Giant pandas Kai Kai and Jia Jia, now aged 13 and 12 respectively, arrived in Singapore in 2012. They first mated in 2015, and after seven attempts to conceive, Jia Jia gave birth to the first giant panda born in Singapore on Saturday (Aug 14).
Prime Minister Lee Hsien Loong said he was delighted by the birth of the panda cub, and congratulated the Wildlife Reserves Singapore team.
He wrote on Facebook: "It is famously difficult for pandas in captivity to reproduce. Pandas have only a narrow window each year to conceive... Their keepers deserve kudos for this difficult and rare accomplishment, and for persevering despite previous failures."
Kai Kai and Jia Jia arrive in Singapore from Chengdu on Sept 6, on a 10-year loan from China.
In April, seven-year-old male Kai Kai starts bleating and scent-marking to attract Jia Jia, then six years old. They are brought together to mate and Jia Jia also undergoes artificial insemination. But the first attempt fails.
Artificial insemination is carried out on Jia Jia for the second time after natural mating fails, but to no avail. Giant pandas are notoriously difficult to breed as females have only one reproductive cycle per year, and are fertile for just 24 to 36 hours. Breeding pandas in captivity is a challenge, as a receptive female panda in the wild would have its pick of the most virile bear - an experience male in its prime. As Kai Kai and Jia Jia were both young and inexperienced, natural mating was more difficult.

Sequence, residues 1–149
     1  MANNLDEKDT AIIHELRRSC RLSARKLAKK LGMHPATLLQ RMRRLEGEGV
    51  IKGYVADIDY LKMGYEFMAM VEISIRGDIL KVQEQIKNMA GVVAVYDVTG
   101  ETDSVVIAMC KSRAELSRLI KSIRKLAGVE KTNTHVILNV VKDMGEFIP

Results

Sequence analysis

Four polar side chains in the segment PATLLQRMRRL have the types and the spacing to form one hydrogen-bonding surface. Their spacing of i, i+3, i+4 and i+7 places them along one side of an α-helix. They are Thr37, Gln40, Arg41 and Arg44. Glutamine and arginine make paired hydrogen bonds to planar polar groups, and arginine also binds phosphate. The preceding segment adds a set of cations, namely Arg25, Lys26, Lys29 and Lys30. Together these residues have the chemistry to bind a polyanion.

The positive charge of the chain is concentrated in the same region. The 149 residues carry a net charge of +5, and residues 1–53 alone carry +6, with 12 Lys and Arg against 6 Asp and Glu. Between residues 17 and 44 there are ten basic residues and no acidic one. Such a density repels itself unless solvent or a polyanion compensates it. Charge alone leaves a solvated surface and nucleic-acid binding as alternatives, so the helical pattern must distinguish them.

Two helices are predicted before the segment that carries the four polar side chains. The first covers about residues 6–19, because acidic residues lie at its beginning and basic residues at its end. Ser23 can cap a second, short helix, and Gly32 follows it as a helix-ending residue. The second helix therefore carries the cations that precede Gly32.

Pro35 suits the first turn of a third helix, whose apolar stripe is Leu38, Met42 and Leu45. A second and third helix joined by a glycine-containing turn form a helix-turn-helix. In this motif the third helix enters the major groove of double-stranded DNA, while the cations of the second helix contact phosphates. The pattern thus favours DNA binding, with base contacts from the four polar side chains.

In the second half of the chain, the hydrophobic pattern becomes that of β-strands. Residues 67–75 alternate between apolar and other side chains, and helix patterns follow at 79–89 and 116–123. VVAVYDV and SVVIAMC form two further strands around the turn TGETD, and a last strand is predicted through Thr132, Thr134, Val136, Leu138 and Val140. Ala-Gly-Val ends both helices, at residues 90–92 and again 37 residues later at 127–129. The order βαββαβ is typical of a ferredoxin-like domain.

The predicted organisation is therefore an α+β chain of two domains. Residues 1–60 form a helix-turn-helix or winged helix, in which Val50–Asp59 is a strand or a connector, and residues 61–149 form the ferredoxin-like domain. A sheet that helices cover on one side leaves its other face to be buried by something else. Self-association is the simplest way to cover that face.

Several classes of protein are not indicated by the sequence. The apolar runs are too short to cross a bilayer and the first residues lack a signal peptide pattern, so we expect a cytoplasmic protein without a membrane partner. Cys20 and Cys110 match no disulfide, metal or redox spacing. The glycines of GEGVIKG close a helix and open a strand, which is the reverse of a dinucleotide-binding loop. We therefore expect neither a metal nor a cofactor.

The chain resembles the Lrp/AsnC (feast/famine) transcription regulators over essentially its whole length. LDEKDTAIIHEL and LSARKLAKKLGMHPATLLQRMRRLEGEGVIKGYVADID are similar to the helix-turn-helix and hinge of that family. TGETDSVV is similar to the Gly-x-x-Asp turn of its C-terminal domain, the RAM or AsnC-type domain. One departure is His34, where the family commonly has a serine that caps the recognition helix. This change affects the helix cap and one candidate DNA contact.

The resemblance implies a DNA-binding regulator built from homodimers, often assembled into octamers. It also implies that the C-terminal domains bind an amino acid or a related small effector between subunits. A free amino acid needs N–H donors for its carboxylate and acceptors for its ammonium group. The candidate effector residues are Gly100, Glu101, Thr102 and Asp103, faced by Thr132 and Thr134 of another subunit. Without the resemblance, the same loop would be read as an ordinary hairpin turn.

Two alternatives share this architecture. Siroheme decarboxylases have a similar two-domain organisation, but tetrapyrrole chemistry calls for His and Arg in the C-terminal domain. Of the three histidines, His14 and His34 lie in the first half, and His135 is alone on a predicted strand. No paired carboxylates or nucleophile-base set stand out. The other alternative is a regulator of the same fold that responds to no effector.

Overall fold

For their third attempt, Jia Jia and Kai Kai are put together for natural mating on March 30 before Jia Jia is inseminated. Her hormone levels are also monitored - a gradual increase in progesterone levels indicates a possible pregnancy or pseudo pregnancy.
For the first time, experts go straight for the artificial insemination process, instead of letting the pandas mate naturally first. The attempt takes over three hours, but is not successful.
The pandas enter their seventh breeding season. They mate naturally and artificial insemination is carried out too.
Ultrasound scans show a thickening of Jia Jia’s cervix and some fluid in the uterine horns.
A Wildlife Reserves Singapore veterinarian sees a clear outline of a foetus with a strong heartbeat during an ultrasound scan.
Singapore’s first panda cub is born at the River Safari at about 7.50am.